"I left because of the situation, it wasn't good for Jews," recalled Mr Bilboul, who now lives in London.
"People were being put in prison all the time with no excuse. There was the nationalisation of Jewish businesses, a lot of stuff was confiscated and left behind. Some people are now going through the courts to try and get back their property.
"The contribution that Jews made has been largely forgotten; but it's something Egyptians themselves are now keen to put on the map."
Moshe Kahtan, whose father Saleh was a legal adviser to the Iraqi Ministry of Finance, also regrets that the contribution made by Jews has been forgotten. He dismisses the prospect of restitution as "wishful thinking".
"Freedom," he said. "You better forget this word in that place - it didn't exist for Jews.
"At its peak, half of the population in Baghdad was Jewish. In the 1930s, they started relieving Jews of their positions… they were imitating what was happening in Nazi Germany. Jobs were taken over by Muslims. Jews had a yellow identity card - they confiscated my passport."
The father-of-three was given refuge in the UK, after dramatically fleeing Baghdad and leaving the country in a smugglers' boat in 1967. Mr Kahtan, who escaped before Iraqi secret police came looking for him, recalled: "One day, I thought 'I have to leave'. I got in the boat with women and children.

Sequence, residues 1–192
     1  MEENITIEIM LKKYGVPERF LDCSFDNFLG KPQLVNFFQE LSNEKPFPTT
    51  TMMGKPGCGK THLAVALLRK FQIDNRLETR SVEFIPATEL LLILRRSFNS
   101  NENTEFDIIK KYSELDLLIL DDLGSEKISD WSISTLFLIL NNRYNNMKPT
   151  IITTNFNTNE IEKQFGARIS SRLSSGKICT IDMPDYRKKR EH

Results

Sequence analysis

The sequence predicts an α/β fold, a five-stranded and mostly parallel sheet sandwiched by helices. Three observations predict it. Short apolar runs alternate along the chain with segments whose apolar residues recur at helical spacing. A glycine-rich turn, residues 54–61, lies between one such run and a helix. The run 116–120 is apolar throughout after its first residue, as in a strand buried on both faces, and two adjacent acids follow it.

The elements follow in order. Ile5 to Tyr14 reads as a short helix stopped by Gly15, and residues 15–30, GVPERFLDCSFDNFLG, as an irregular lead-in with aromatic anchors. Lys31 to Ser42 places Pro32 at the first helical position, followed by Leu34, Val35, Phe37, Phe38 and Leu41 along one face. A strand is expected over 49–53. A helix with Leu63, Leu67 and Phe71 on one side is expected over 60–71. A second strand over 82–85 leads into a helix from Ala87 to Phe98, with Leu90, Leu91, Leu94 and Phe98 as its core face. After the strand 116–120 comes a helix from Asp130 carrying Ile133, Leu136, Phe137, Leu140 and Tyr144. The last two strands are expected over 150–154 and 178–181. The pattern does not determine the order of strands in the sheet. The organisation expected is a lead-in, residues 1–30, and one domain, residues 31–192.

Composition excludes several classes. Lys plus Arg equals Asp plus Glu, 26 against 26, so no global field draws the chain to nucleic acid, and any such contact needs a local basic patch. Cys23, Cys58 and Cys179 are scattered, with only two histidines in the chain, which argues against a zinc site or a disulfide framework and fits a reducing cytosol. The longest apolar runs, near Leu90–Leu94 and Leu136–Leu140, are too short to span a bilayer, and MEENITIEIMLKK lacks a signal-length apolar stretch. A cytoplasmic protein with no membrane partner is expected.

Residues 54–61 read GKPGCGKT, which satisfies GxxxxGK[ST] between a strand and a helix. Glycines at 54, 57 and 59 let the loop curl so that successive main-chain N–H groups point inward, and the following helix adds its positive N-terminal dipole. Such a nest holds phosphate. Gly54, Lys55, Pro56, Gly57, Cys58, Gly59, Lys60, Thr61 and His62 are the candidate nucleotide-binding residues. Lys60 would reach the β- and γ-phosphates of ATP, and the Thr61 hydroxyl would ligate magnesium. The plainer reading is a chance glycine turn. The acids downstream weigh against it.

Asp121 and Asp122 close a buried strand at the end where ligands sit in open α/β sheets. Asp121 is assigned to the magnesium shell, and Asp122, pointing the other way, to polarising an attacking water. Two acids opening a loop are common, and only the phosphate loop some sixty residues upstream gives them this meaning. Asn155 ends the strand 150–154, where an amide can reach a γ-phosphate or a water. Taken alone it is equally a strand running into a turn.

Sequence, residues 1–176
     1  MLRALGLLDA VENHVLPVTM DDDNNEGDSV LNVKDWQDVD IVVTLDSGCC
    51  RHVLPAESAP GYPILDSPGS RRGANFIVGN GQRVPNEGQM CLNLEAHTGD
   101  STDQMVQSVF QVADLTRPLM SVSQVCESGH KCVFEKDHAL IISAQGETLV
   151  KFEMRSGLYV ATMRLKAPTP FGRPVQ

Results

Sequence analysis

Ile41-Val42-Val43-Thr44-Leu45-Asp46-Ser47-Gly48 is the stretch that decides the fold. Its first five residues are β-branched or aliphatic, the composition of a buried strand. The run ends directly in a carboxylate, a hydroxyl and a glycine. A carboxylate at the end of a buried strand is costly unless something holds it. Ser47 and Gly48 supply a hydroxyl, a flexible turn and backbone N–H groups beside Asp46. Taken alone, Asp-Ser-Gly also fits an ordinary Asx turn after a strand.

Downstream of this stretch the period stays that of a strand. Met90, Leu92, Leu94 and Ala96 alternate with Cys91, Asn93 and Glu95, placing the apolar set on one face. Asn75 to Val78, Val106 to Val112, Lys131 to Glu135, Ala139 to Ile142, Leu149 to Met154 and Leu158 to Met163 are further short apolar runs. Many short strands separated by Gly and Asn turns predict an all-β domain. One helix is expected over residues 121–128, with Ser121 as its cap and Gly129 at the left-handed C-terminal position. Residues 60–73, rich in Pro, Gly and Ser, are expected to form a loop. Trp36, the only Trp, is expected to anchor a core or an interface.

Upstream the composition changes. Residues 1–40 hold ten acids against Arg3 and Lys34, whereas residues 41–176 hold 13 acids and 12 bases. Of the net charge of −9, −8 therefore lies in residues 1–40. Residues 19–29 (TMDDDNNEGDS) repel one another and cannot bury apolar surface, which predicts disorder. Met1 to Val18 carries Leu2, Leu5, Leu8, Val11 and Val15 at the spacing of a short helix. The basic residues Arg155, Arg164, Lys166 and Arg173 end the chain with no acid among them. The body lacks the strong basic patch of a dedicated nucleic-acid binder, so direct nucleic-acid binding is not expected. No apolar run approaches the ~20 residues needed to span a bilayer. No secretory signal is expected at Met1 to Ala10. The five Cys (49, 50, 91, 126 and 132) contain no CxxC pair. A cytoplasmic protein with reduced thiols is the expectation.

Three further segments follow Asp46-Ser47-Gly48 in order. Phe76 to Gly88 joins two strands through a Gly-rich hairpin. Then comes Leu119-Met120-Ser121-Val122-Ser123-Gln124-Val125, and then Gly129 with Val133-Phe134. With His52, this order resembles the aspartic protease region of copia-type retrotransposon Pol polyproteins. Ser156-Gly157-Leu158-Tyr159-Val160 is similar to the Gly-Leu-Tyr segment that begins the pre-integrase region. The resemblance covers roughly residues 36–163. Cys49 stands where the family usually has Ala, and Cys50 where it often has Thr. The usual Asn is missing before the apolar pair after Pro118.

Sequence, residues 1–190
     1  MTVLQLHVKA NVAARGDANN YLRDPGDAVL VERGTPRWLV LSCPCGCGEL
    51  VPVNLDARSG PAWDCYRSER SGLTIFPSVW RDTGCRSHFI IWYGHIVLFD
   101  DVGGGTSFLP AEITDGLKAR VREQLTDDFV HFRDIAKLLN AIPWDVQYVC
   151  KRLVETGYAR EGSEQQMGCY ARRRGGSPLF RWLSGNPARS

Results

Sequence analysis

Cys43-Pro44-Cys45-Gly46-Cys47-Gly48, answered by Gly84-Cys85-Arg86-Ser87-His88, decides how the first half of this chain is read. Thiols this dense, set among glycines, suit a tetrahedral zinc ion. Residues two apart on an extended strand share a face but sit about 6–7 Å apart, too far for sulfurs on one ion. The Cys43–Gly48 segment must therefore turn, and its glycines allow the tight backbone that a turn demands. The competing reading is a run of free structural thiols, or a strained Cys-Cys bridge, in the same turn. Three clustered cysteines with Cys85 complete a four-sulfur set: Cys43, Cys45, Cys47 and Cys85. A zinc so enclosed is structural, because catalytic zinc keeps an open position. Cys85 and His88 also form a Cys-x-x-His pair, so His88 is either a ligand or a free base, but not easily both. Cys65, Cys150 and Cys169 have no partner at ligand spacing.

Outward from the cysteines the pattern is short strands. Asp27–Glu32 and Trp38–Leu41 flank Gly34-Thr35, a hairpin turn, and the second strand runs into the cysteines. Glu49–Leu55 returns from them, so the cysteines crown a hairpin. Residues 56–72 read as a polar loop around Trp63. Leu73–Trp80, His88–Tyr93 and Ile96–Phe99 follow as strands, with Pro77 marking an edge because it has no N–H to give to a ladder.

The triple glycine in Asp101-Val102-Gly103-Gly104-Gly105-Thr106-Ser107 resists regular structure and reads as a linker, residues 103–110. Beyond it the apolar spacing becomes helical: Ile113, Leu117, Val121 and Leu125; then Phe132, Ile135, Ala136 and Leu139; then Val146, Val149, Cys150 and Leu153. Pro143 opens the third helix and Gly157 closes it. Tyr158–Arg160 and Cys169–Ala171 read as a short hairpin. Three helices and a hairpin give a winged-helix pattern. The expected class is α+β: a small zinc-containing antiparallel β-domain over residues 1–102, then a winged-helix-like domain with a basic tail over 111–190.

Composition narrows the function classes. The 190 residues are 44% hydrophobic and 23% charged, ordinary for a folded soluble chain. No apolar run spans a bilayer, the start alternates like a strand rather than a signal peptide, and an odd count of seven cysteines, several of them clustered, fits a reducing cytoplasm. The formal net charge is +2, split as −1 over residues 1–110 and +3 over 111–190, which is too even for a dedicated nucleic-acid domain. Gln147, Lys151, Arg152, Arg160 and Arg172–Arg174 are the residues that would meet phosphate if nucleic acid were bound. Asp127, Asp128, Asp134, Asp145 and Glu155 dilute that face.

"The smugglers were Arabs; they smuggled alcohol, cigarettes - not only Jews.
"It was supposed to be a 15-minute journey from Iraq to Iran, but it took hours after the naval border police started shooting at us. After we escaped, they closed the border."
Mr Kahtan had paid for his boat passage, but saw gold coins being used to bribe guards at Iranian checkpoints - money that he later learned had been provided by Israel.
A banker, Mr Kahtan, who sat on the Board of Deputies in the 1990s, made aliyah in 2008 and now lives in Herzliya. "From 1948 onwards, all we've heard is about the rights of Palestinian refugees," he said. "It's very important that the stories of Jews from Arab countries are told, so people know what happened and don't listen to falsehoods."
Nadia Nathan, who was a teacher at the Jewish Frank Iny school in Baghdad, left after the public hanging of nine Jews in the capital in 1969.
"Things became very dangerous for us," she said. "Jewish students were beaten; we were followed everywhere, my brother was put in prison with other Jews, but we got him out with money.
"I had a Muslim friend, who said to my Christian friend: 'If I see you talking to Nadia again, I will kill you'.
"One day, Kurds came into the school and said 'we can smuggle out six people'. And so, we went up through the mountains to Iran. The smugglers took everything from us, even our blankets, but they left us with one cooked chicken to eat. They didn't know that we had hidden money in it." Mrs Nathan settled in Israel before marrying her husband in 1972 in London, where she now lives.
To mark the commemoration day this Sunday, Harif, a UK group which represents Jews from North Africa and the Middle East, has organised a private lecture event at the Jewish Museum. A film by Sephardi Voices UK, which collects testimony, will also be screened.
This week, Moroccan artist Bettina Caro, who links her work to the stories of Jews from Arab and North African countries, spoke about her experience on a panel at the London Jewish Cultural Centre. Her exhibition will run at the LJCC until December 18.